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Paid maternity leave is a work-related entitlement

By Tania Clarke - posted Sunday, 15 September 2002

The Howard Governments' attempts to de-rail the debate on a national paid maternity leave scheme raises serious doubts about their attitude towards working women in this country.

John Howard and Tony Abbott have been repeatedly sidestepping their response to proposals for a national paid maternity leave scheme by tacking it on to the family assistance package of reforms, that it is proposed will be introduced ``some time in the future''.

John Howard claims that the strategy his Government has adopted is "post-feminist". However what he fails to explain is that Australia is one of the few countries without a national paid maternity leave scheme in place. He also ignores his own ideology - that of freedom of choice.


Such a deliberate strategy which avoids a direct response to a national paid maternity leave scheme is, in the meantime disadvantaging thousands of working women in Australia who are either pregnant or planning to have a child.

Particularly women in private industries such as manufacturing. Most women in manufacturing are greatly disadvantaged because not only are they, generally speaking, low paid but they are also most probably not entitled to any paid maternity leave entitlement at all (only 5 per cent of all certified agreements in manufacturing contain a clause for paid maternity leave).

An urgent and sincere policy response from the Howard Government on a paid maternity leave scheme is overdue. The Howard government has been avoiding the public policy debate for some time now. A debate that has seen employer groups, employers, community organisations, and unions all come out in support of a nationally taxpayer funded paid maternity leave scheme.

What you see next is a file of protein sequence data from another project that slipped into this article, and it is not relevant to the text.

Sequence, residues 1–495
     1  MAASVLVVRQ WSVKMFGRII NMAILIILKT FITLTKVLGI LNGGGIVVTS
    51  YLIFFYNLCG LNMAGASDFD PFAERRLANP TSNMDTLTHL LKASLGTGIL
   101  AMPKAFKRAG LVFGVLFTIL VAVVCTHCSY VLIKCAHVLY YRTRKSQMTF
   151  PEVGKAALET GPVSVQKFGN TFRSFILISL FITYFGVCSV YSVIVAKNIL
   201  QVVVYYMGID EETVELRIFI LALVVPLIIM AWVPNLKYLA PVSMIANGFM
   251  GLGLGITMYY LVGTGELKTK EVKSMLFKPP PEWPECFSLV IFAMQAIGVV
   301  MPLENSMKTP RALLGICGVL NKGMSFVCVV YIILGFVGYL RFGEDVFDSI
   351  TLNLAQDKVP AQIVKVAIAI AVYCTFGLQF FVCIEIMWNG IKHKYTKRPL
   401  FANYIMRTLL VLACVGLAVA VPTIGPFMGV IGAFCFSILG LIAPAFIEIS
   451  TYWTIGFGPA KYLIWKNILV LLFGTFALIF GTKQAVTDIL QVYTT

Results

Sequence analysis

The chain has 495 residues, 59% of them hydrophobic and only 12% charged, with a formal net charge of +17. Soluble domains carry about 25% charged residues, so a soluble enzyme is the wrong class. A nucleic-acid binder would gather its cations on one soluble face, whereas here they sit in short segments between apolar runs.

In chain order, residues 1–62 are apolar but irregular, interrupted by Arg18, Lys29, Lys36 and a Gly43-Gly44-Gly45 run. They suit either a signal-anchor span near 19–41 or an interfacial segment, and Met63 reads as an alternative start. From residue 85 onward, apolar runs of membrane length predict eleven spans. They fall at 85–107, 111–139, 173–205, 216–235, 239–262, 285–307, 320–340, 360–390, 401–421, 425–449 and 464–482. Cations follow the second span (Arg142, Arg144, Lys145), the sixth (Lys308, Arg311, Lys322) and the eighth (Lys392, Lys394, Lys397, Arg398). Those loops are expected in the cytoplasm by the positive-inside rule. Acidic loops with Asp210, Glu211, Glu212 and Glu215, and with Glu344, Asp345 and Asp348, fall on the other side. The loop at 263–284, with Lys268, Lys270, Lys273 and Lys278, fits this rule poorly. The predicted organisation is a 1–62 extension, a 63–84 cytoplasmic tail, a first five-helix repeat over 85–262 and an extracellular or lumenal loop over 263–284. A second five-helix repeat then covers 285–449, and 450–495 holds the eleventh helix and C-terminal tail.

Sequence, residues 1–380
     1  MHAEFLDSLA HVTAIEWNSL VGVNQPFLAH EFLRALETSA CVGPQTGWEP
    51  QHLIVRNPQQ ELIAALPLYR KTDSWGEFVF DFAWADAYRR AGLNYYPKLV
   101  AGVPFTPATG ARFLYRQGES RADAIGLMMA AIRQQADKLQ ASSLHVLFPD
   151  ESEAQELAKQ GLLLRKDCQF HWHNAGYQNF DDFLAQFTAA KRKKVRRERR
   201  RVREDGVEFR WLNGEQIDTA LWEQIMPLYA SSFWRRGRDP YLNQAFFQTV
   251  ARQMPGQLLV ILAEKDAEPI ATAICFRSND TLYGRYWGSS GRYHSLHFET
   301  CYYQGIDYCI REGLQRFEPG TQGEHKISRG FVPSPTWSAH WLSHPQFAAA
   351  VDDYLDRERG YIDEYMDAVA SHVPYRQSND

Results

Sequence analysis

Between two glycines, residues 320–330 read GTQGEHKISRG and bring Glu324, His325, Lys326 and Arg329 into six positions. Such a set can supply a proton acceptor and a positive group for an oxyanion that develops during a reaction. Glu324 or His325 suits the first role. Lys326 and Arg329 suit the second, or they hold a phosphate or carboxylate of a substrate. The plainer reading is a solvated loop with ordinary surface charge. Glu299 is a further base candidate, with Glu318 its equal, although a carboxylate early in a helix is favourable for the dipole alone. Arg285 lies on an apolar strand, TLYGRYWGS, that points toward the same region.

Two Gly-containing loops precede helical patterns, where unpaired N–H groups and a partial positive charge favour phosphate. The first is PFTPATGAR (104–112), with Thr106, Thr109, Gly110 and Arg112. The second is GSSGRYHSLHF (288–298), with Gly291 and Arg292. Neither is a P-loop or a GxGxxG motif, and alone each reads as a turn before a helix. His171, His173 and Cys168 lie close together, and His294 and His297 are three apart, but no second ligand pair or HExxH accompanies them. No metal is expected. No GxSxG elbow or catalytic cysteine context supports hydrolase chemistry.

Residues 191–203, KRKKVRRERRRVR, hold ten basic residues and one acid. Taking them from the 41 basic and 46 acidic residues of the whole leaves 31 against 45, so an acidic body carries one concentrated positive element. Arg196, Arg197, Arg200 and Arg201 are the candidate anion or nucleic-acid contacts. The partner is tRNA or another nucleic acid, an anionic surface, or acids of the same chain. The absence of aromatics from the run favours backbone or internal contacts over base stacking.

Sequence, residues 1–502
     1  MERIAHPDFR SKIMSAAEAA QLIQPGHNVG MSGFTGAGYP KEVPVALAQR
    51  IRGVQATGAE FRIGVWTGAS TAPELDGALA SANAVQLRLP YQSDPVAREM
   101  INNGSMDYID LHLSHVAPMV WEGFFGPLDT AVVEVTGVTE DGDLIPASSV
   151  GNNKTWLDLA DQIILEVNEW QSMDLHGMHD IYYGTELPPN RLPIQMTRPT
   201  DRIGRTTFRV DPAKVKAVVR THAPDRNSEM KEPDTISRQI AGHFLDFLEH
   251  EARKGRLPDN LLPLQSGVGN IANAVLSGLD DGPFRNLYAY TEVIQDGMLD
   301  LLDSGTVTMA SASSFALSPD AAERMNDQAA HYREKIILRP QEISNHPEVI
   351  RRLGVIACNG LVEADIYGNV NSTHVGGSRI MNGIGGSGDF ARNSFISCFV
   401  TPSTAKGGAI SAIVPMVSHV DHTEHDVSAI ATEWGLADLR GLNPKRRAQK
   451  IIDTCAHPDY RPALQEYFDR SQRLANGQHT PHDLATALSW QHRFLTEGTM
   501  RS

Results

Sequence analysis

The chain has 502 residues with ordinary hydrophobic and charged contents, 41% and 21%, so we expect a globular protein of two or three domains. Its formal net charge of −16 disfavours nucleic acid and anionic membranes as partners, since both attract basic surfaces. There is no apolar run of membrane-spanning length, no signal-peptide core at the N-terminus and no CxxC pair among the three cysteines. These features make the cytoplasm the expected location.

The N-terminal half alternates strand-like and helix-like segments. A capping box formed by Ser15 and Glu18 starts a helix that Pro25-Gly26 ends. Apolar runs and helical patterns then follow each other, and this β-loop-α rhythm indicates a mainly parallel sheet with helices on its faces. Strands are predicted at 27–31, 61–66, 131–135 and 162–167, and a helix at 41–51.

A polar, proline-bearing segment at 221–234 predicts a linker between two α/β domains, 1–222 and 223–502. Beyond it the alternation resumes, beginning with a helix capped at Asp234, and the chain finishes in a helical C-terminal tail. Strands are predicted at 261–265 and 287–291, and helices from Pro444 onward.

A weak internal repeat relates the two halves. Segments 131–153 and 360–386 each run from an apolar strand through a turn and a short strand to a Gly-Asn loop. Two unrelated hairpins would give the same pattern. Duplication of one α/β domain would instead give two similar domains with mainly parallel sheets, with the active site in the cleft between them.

The scheme currently on offer and proposed by the Democrats in the Workplace Relations (Paid Maternity Leave) bill is a modest proposal and a major compromise. The scheme proposed would be taxpayer funded guaranteeing women entitled to maternity leave, 14 weeks at the federal minimum wage (which is only $431 per week).

With employer groups, unions and community organisations, in principle, agreeing on the proposal at the recent Senate Committee inquiry into the bill, the real debate on paid maternity leave should focus on how the scheme will operate and whether employers should top up payments to pre-leave earnings through an employer funded levy or through enterprise bargaining. The unions preferred option is for an employer levy.

However, the way things are going, a national paid maternity leave scheme is a long time coming, or as John Howard likes to explain the situation, "it is being looked into".


If the timing of the introduction of the nationally funded General Employee Entitlements Redundancy scheme (GEERS) is any indication, whereby the Howard Government only reacted, before the last Federal Election, to introduce a scheme, after a sequence of major corporate collapses such as National Textiles, Steel Tank and Pipe, Onetel, HIH, Ansett etc, then we may have a long way to go.

It actually makes one think? if there hadn't been a federal election looming, would we have seen the debate on the protection of employee entitlements clouded by a policy reform package titled, "corporate governance and employee entitlements" similar to the "family policy package" deferral strategy being adopted in the paid maternity leave debate ?

The Howard government, by ignoring the national scheme proposals and insisting that paid maternity leave be lumped into the category of ``family policy'' is attempting to re-define paid maternity leave as a work related entitlement into a social welfare payment.

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About the Author

Tania Clarke is the National Research Officer for the Australian Manufacturing Workers Union and has previously been an Associate to Commissioner Lewin of the AIRC.

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